The two best goal differentials in the league meet at Providence Park, where Mark Parsons’ Thorns and their league-best defense will be tasked with stopping the highest-scoring offense in the NWSL. That means stopping Golden Boot winner Lynn Williams and runner-up Jessica McDonald, who’ve accounted for 21 of WNY’s 40 goals.

The Thorns are loaded. Women’s soccer legend Christine Sinclair, who once lifted a trophy for the Flash, is there with a quintet of USWNT mainstays. French star Amandine Henry, too, as well as leading goal scorer and Danish star Nadia Nadim.

USWNT regulars on each side
Portland: Tobin Heath, Meghan Klingenberg, Allie Long, Emily Sonnet, Lindsey Horan

WNY: Samantha Mewis

Washington Spirit (2) vs. Chicago Red Stars (3)

The two sides split the season series, with Chicago hosting a 3-1 victory on Saturday. Sofia Huerta had a goal and an assist, as she and Christen Press combined for nine shots. They’ve combined for 15 goals on the season, though the Red Stars have only found nine goals elsewhere.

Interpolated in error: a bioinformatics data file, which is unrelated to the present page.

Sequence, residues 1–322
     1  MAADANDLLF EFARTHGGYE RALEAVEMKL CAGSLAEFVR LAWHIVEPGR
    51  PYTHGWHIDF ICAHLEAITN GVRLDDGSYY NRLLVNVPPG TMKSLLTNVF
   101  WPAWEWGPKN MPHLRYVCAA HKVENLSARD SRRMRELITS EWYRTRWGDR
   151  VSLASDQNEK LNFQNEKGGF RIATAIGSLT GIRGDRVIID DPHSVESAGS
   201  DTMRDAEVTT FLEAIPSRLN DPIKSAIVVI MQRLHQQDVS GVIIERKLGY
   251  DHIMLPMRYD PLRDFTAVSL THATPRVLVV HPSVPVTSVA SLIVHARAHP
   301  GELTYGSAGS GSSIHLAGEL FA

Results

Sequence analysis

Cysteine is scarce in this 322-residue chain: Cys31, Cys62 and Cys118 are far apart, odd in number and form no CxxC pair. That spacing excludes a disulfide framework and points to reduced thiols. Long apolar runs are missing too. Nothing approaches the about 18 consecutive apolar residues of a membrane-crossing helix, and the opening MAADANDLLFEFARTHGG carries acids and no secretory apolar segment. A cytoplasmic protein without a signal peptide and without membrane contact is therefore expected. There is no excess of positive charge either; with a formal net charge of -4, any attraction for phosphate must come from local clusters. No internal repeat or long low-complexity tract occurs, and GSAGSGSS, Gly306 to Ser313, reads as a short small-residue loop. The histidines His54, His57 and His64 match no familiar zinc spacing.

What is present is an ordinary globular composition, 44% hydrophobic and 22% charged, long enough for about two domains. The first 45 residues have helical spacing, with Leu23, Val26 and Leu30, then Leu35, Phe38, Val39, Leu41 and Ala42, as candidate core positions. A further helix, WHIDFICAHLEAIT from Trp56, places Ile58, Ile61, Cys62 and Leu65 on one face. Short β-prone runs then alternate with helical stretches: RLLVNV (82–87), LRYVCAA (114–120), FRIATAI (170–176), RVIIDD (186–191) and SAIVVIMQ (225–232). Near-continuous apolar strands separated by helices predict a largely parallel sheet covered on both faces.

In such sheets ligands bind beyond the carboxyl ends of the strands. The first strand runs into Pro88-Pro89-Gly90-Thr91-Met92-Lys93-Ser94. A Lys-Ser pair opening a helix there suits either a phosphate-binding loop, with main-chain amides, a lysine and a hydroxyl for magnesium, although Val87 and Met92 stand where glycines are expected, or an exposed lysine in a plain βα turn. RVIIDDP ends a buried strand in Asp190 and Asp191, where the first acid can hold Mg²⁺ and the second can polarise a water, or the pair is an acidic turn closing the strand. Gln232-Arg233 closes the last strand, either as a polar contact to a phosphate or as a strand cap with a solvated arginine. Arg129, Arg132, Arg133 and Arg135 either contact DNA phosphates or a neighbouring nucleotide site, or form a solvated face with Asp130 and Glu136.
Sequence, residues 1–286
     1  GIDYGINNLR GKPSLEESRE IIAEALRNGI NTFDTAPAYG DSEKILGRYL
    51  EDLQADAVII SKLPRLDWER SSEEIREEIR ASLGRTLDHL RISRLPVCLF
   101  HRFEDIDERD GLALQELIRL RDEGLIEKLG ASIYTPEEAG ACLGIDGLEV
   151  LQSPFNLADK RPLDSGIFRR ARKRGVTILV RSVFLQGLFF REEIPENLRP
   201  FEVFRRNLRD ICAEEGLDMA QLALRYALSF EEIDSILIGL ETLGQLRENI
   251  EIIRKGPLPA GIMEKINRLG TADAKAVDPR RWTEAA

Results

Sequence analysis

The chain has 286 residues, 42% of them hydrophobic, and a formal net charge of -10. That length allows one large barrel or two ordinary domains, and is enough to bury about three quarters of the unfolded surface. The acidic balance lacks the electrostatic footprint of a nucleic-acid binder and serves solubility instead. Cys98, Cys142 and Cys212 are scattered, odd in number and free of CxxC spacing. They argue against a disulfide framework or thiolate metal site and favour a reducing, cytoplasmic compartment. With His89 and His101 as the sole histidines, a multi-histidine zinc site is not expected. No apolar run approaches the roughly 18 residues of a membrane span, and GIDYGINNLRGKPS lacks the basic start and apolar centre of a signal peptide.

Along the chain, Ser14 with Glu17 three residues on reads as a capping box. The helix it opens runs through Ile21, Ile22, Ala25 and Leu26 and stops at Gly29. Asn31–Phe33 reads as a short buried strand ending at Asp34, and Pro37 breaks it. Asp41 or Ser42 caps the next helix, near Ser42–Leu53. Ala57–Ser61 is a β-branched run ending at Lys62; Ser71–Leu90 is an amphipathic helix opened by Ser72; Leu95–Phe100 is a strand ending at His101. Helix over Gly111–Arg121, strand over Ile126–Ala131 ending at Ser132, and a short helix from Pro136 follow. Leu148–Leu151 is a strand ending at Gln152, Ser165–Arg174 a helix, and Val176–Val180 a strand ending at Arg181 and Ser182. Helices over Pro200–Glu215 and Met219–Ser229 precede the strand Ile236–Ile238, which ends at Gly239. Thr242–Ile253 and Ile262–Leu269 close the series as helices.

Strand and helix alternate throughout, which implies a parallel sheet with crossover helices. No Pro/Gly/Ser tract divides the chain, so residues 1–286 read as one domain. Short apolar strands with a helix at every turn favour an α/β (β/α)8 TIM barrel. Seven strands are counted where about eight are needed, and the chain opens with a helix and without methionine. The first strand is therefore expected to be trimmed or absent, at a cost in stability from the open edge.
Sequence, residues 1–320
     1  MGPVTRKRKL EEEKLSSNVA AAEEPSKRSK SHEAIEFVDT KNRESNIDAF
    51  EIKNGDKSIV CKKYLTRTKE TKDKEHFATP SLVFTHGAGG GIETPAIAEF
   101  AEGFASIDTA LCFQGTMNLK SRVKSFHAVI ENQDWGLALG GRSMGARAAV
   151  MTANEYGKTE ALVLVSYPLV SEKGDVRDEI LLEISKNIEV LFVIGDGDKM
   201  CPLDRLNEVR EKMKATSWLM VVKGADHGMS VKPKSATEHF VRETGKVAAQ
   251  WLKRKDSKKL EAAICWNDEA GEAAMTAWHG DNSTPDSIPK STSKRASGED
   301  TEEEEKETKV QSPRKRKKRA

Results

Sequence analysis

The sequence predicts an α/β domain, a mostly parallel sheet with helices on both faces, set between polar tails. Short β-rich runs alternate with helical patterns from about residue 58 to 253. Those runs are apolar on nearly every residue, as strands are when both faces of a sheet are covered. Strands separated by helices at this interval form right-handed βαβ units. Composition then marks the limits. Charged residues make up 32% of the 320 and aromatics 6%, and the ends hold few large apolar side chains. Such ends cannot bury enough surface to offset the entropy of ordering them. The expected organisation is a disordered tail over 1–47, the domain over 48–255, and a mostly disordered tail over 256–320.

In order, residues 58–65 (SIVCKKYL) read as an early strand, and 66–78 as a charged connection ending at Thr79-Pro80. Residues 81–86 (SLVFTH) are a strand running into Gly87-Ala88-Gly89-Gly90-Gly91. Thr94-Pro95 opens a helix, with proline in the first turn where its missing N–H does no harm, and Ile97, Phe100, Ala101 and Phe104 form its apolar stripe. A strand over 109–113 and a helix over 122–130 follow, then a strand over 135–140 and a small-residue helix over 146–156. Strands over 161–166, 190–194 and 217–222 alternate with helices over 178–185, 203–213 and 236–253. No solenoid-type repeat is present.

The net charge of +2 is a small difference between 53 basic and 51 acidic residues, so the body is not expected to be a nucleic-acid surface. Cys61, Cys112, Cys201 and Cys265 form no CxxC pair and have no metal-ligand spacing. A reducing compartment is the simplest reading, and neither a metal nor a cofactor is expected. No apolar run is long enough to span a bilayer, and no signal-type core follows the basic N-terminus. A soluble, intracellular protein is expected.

No Washington player has scored more than five goals this year, and the Spirit haven’t had a multi-goal game in September, but Argentina national teamer Estefanía Banini’s five goals in 13 matches in an impressive haul.

USWNT regulars on each side
Washington: Ali Krieger, Crystal Dunn

Chicago: Alyssa Naeher, Julie Johnston, Christen Press

UEFA Champions League preview: Spurs, Foxes, and BVB hosts Real

MADRID, SPAIN - APRIL 02:  Gareth Bale of Real Madrid takes on Sokratis Papastathopoulos of Borussia Dortmund during the UEFA Champions League Quarter Final first leg match between Real Madrid and Borussia Dortmund at Estadio Santiago Bernabeu on April 2, 2014 in Madrid, Spain.  (Photo by Clive Rose/Getty Images)
Photo by Clive Rose/Getty Images
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Leicester City gets a home Champions League match, Spurs head to Russia, and two of the world’s best attacks meet in Germany; Tuesday’s UEFA Champions League slate is pretty tasty.

[ MORE: Allardyce on England hot seat? ]